States set their own rules when it comes to education, certification, and licensing requirements for special education instructors. In many states, it's possible to become a special education teacher with just a bachelor's degree. The entry-level degree in those states is typically a BS in Special Education or a BA in Special Education, though some schools offer other degrees that can fulfill state licensing requirements. Texas A & M University - College Station, for instance, offers a BS in Interdisciplinary Studies with a concentration in Special Education.
Once an aspiring special education teacher has completed an undergraduate degree program and amassed one or two years of student teaching experience, they can take the Praxis II exam specifically for special education and get a state teaching license.
Some special educators go on to earn advanced degrees. The most common master's in special education degrees are the Master of Education in Special Education (better for teachers who think they might want to transition out of the classroom) and the Master of Arts in Teaching in Special Education (better for committed lifelong educators). Some programs award generalist degrees in special ed, while others give students the opportunity to specialize with concentrations like deaf or hard of hearing education, autism education, high incidence/mild to moderate disability, low incidence/severe disability, and visual impairment education.
In most states, no. There are some compelling reasons to get a master's degree in special education even when it's not required by the state, but it's worth noting that an increase in salary isn't one of them. Special education teachers with master's degrees earn just one to two percent more, according to Salary.com. They may, however, have an easier time finding full-time placements, be able to teach a wider variety of subjects, be more effective at reaching students, and have opportunities to transition into administrative or developmental roles that aren't open to special educators with bachelor's degrees. They may also be eligible for student loan forgiveness programs and district sign-on bonuses.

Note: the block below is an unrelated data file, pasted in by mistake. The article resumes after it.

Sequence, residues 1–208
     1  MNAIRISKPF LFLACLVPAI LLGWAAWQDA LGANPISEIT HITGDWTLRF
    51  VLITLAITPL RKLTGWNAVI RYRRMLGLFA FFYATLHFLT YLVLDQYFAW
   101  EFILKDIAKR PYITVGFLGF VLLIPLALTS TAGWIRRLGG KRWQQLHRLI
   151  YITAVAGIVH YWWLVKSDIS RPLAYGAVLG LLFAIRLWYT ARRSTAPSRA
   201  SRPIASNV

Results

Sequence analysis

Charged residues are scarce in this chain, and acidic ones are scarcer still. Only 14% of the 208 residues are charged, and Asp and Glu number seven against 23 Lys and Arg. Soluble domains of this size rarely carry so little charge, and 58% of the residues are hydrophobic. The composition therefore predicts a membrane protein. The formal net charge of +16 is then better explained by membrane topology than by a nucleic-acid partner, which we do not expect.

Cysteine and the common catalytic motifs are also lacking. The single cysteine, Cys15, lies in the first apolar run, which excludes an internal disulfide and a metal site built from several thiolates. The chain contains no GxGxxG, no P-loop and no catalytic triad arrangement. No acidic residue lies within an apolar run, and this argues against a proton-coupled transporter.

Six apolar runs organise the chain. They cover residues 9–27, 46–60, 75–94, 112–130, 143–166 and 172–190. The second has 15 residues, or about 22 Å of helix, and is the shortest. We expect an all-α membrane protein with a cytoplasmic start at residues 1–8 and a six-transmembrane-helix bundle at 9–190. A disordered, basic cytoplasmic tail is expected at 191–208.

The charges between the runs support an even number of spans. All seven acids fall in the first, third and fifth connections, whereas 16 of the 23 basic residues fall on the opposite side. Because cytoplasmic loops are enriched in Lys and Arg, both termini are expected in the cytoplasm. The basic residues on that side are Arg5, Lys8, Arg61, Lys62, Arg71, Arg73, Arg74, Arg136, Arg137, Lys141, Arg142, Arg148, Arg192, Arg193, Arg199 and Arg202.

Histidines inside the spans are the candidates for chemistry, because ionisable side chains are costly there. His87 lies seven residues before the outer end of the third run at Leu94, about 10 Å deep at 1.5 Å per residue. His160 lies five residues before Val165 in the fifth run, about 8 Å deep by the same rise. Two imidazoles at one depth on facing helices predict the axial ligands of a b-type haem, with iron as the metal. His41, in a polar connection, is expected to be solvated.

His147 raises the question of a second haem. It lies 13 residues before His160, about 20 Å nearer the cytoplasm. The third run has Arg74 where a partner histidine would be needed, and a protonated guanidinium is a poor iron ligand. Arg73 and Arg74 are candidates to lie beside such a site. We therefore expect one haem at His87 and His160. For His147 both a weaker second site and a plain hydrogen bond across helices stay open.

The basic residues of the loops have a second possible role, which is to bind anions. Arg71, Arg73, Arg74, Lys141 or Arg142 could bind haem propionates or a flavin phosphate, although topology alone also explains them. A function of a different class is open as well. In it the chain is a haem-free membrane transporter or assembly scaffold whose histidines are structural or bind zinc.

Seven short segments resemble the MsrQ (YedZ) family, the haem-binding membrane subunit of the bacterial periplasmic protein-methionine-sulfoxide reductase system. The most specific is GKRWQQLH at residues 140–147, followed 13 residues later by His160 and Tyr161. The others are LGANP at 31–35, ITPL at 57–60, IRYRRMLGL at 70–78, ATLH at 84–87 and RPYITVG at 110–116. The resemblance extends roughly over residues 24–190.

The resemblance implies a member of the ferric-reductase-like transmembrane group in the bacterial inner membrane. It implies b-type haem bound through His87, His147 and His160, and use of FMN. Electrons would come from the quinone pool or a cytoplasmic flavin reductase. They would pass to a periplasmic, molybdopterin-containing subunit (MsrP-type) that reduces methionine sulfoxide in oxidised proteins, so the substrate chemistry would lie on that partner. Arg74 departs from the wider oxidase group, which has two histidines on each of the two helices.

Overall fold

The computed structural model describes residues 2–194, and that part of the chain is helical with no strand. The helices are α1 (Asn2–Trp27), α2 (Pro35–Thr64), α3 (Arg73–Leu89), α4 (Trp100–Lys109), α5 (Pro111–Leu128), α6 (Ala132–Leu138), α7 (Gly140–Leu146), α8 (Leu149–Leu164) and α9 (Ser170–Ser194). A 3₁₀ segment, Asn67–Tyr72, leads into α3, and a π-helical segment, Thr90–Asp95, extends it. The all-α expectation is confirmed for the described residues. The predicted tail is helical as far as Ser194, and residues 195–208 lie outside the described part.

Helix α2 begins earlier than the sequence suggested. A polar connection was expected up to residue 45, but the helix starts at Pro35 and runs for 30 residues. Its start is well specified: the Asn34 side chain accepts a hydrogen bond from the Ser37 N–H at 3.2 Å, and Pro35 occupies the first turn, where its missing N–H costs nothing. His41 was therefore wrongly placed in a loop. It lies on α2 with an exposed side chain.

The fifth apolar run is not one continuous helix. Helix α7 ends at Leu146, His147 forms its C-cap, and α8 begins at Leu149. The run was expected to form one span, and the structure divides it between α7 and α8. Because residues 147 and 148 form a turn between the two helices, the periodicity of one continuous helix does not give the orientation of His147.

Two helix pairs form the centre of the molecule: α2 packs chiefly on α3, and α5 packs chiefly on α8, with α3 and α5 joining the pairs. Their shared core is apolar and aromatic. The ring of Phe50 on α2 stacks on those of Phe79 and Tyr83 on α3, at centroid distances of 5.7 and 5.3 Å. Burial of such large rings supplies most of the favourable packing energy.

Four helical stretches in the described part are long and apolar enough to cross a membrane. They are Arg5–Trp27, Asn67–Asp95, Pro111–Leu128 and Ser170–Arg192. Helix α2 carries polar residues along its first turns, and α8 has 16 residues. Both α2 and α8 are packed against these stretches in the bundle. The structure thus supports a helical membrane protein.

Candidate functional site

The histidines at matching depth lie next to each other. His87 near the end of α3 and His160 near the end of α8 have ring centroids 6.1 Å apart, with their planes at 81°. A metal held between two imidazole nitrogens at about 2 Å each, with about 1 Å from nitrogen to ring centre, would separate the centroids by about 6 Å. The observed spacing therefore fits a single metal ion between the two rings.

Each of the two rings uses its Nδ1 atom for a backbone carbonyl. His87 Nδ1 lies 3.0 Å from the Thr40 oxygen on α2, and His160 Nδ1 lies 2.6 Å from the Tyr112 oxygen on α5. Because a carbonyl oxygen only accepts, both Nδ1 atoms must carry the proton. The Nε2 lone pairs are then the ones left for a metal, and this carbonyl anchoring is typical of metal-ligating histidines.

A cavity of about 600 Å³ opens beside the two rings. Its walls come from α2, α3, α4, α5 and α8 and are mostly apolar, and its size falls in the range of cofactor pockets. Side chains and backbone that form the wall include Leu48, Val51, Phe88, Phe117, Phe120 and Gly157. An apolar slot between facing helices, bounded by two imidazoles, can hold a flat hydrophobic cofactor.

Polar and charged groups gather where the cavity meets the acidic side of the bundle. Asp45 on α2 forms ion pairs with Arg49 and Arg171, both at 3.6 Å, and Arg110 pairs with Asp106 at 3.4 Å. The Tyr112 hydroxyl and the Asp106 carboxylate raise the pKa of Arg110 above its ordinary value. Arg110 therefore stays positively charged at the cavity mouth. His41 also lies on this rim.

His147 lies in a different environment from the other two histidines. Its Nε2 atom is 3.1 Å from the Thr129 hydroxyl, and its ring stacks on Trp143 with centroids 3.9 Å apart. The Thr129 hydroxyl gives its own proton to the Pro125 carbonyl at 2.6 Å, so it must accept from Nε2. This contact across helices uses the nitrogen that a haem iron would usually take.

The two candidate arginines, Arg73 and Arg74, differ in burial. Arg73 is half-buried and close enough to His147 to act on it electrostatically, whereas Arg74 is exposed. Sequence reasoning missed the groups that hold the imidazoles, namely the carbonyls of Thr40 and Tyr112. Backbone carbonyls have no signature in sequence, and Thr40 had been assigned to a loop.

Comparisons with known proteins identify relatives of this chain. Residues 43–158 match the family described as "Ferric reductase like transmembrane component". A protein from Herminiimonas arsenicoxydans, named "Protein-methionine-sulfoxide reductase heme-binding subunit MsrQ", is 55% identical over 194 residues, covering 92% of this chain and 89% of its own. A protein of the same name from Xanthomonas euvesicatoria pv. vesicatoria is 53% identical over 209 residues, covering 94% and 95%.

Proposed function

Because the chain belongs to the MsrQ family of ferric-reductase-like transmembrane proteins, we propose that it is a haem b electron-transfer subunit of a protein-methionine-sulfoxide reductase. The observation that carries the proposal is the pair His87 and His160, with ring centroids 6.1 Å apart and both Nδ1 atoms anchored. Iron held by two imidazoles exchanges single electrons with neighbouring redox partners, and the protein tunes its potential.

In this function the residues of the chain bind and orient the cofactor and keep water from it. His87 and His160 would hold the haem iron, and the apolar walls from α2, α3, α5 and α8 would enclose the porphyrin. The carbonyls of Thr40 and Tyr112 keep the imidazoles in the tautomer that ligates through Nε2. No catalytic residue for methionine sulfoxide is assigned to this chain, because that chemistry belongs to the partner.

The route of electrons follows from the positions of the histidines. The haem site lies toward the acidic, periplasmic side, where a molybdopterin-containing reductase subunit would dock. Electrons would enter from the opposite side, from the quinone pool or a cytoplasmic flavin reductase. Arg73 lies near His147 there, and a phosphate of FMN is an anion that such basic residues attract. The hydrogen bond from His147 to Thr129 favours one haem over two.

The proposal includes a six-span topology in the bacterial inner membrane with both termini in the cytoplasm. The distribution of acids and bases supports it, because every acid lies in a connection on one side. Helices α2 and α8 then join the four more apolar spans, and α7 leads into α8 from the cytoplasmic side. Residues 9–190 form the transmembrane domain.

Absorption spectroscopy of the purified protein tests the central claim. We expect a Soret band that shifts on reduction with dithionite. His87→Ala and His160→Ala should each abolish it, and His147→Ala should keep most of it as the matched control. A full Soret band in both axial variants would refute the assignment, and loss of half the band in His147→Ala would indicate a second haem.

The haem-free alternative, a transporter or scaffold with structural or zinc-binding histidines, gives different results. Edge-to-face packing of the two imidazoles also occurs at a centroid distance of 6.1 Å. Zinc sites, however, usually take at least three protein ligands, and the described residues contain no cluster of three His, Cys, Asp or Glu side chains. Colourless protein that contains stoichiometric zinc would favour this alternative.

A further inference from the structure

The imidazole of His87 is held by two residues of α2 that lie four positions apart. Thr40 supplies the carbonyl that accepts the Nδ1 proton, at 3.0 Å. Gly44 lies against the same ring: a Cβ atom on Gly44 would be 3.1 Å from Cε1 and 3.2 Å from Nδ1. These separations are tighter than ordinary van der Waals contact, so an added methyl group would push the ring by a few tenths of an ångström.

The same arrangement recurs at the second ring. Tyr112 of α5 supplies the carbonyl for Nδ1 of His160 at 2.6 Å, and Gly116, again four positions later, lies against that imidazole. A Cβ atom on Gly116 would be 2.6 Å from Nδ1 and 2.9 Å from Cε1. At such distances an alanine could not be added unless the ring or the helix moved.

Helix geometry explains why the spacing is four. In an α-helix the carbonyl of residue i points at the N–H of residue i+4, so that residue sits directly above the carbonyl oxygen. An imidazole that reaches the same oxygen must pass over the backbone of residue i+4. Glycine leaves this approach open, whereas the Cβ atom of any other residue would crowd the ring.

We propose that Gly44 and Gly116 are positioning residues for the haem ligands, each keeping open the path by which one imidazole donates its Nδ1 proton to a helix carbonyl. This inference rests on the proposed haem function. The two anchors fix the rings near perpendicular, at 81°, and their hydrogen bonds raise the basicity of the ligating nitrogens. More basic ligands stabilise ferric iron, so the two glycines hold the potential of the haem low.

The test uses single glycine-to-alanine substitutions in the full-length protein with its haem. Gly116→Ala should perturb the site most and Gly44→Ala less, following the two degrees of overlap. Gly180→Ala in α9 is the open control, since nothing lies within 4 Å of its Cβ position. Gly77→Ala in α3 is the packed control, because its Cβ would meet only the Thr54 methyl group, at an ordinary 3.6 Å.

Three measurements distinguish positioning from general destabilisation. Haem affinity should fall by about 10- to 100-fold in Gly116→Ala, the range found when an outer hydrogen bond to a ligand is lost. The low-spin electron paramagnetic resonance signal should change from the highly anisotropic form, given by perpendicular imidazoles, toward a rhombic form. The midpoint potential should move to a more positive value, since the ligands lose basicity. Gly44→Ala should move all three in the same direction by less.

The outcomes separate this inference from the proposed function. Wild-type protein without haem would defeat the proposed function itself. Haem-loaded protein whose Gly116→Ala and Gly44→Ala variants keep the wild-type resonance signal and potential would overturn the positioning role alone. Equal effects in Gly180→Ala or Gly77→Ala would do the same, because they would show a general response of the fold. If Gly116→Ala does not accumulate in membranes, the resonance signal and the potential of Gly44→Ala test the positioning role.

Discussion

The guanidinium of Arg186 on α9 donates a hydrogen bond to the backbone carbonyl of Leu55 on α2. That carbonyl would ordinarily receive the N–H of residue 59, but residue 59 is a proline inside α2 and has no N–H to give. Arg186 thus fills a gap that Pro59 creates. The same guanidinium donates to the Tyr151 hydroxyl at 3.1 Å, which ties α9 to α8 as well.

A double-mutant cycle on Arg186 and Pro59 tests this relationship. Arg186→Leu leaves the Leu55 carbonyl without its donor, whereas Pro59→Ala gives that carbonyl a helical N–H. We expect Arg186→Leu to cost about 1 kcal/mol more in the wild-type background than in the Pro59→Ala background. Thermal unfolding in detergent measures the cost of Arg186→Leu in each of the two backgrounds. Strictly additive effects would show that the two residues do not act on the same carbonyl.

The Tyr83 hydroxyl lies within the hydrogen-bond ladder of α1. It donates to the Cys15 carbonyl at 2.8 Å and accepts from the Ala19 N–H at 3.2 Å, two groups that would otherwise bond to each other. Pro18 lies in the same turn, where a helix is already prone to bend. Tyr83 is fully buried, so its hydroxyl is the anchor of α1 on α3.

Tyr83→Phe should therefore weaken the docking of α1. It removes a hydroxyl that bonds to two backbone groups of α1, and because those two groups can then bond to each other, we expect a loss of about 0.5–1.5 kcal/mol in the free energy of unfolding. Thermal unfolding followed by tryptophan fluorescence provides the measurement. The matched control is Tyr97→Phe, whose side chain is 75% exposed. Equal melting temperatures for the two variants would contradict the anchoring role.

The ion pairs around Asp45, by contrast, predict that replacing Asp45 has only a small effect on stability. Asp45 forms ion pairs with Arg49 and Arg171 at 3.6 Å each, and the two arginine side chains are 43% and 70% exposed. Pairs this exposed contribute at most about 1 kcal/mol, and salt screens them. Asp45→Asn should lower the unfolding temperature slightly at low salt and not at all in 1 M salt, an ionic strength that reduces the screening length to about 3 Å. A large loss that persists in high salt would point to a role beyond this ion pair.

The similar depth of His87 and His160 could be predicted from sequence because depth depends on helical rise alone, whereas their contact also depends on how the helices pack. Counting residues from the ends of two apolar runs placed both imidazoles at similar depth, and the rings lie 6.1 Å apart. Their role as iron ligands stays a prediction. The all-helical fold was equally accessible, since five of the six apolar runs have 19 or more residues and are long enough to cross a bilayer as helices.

The highest paying jobs open to special education teachers can all be found outside the classroom. Teachers currently working in special education who want to move into more lucrative positions without leaving the field should consider earning a MEd in Special Education. After earning this special education master's degree, teachers are qualified to pursue alternative careers in special education—most of which pay more than the typical teacher salary or the average special education teacher salary. These include:
Educators who want to keep teaching can look into becoming education subcontractors in districts that offer tutoring or in-home instruction to students with special needs. Subcontractors aren't necessarily paid more than their salaried counterparts, but they may have to do less administrative work and be less stressed as a result.
The frustrating answer is sometimes, and this may also be a reason why special education teachers aren't paid more. During teacher shortages, the demand for special ed instructors may be such that districts allow unlicensed teachers with associate's degrees to fill open spots as teacher assistants.
But while 49 out of 50 states report shortages in the field, that doesn't mean all regions are impacted by shortages equally. In districts where the goal of special education programs is to mainstream as many students as possible, schools may not need as many special education instructors. Some districts are also redefining what is and isn't a disability. This can reduce the number of students with special needs in those districts, which, in turn, reduces the demand for special education teachers.
To increase your chances of finding a higher-paying job, consider earning a master's degree from a program that offers an autism education concentration. The number of students with autism taught in public schools has increased by 177 percent in recent years, and the need for special education teachers with an understanding of autism spectrum disorders will likely keep growing.
Probably not, but then again, teaching jobs seldom are. Teacher salaries can look pretty good until you realize that most teachers put in more than the traditional 40 hours per week and that summer vacation usually involves professional development and lesson planning. But nobody decides to become a special education teacher to get rich.
"We don't do it for the money," writes special education teacher Tim Villegas in an article debunking special education myths, "just the fame, and the glory. Just kidding. We do it because we were born to do it. We do it because we love to see students succeed. We do it because we are teachers."
In other words, if the answer to the question 'How much do special education teachers earn?' is more important to you than the answer to the question 'How much can I accomplish as a special education teacher?', this probably isn't the right job for you. There are a lot of positions in education that pay big bucks. The rewards of working in special education can't be measured in dollars.